Blue and red: the china statuettes, the Staffordshire figurines on the mahogany furniture in Machon the antique dealer’s in the Lower Pollet, which leads to the harbour.
Garnet red, bright yellow and red-brown: the bottles of wine, the jars of mustard and the hams you had to pass on the way up to the tearooms in Le Riches, where, sitting on the deep sofas, pretty ladies took tea with the officers of the garrison, to the sound of the violins of the Santangelo Orchestra, on tour in the islands.
Orange-tinted, yellow, pink, lilac, grey-blue: behind their araucarias, their yuccas and their magnolias, the lovely painted residences of the Grange, the faubourg Saint-Germain of Guernsey.
And finally, pink, mauve and blue: the flower-beds and the hydrangea hedges in front of the white-windowed granite cottages in the country lanes.
All this had hardly changed in six years. The painted wooden Scotsman had been bought by an antique dealer. Soapy Sam had gone but lived on in Charlie Chaplin, the four hunchbacked brothers were dead and all my schoolfellows had been killed in the war. But the rest remained, including the memories of my happy school years, spent in that big yellow ochre building with its crenellations, easily picked out from the deck of the boat well before you got into the harbour.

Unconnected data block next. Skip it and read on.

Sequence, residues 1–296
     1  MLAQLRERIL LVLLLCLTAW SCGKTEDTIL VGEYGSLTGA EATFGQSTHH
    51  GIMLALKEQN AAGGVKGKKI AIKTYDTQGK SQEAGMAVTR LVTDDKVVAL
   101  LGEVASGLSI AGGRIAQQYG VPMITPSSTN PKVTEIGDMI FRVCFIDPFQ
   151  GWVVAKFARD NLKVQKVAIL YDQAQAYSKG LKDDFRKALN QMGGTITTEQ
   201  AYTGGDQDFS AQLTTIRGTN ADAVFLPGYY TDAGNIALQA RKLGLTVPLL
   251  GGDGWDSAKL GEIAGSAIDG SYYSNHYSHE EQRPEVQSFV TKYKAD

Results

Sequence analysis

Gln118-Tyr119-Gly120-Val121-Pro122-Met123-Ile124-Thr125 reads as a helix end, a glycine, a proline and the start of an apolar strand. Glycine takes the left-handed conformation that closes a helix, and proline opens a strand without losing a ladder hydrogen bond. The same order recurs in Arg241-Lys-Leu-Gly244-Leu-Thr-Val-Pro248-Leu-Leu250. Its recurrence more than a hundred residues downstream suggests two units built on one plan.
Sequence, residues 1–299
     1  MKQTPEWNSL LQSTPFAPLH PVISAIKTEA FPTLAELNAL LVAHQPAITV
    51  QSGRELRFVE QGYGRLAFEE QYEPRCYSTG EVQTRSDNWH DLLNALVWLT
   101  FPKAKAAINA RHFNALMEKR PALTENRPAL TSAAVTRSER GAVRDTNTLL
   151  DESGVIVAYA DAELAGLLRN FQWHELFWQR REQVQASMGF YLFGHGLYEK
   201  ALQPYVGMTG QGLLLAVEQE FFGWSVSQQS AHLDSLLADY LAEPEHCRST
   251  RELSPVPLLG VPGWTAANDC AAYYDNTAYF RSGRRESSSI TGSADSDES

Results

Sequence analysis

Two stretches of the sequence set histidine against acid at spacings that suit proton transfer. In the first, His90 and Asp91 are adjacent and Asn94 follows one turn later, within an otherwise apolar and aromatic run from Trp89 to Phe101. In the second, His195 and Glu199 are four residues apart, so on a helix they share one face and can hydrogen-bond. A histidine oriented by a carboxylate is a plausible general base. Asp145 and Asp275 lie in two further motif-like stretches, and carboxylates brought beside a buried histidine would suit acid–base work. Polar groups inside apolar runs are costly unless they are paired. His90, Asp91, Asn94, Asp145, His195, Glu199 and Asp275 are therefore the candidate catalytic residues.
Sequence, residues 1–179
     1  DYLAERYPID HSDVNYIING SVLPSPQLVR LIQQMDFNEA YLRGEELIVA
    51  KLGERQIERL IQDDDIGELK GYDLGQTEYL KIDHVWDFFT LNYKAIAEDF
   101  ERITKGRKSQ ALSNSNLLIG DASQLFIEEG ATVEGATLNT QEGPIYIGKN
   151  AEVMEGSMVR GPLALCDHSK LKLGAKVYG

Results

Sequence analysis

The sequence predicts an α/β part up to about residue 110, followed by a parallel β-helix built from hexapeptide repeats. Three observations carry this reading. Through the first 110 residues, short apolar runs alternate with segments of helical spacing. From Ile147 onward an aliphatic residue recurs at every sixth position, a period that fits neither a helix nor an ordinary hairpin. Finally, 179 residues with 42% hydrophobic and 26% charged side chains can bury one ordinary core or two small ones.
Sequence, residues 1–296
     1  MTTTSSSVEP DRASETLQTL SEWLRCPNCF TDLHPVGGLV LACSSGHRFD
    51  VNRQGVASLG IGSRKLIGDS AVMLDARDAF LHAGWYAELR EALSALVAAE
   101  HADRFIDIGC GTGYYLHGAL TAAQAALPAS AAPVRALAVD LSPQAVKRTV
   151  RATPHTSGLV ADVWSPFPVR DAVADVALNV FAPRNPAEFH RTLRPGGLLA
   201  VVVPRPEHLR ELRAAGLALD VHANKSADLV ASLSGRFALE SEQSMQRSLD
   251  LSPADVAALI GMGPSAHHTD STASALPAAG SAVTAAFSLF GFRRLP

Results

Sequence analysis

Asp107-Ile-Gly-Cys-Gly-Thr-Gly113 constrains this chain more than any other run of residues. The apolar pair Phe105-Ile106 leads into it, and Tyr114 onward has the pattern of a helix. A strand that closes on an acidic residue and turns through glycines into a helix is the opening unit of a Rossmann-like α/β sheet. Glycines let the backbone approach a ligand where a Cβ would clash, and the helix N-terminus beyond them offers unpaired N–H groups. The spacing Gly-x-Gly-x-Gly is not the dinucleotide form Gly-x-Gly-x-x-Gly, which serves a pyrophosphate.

From the window of the study I shared with two school friends, you could see a huge and diverse panorama. To the right, you looked down the Grange, where we saw the girls whizz past on their bicycles, the cabs hurrying down to the harbour with their two-note bells ringing, after the arrival of the packet was flagged on the pole at Castle Cornet; the college headmaster leaving to go fishing, wearing his little black cap, his coat-tails flapping in the wind; the red-faced retired colonels, in their rough light-coloured clothes, making their way towards the Grange Club, and the old women returning from the market, their little round baskets full of fruit and flowers. Further down, a dark wall: the prison. Occasionally we saw a white flag raised over its roof: it was empty. Opposite us, above St James’s Church, where we sometimes went in the evening to sing old Simeon’s canticle, our view took in the harbour and the whole archipelago: the reefs, the beacons, the tower on its own amongst the waves where once upon a time a lone gunner whiled away his days, the fishing boats executing their sharp turns, the Platte-Fougère lighthouse which bellowed every time it was foggy; Herm, whose kangaroos and shells we could not, alas, make out; Jethou, whose rabbits we couldn’t see either; Sark, whose grottos carpeted with multicoloured sponges I had visited, Alderney and the Casquets which were written of by Swinburne, and far off, on a clear day, the bell-tower of Surtainville on the French coast!
It was a blessed time! My schoolfriends collected butterflies and seabirds’ eggs. We used to go to a nearby farm to watch the boar cover the sows. We bought ‘rolls’ from the baker, an enormous man with a long grey beard, always white with flour. His name was Le Poitevin, but we called him Peewee. He always spoke to me in French. He and Mrs Peewee, a sweet old dear with lovely white hair looped back from her face, treated us like their children.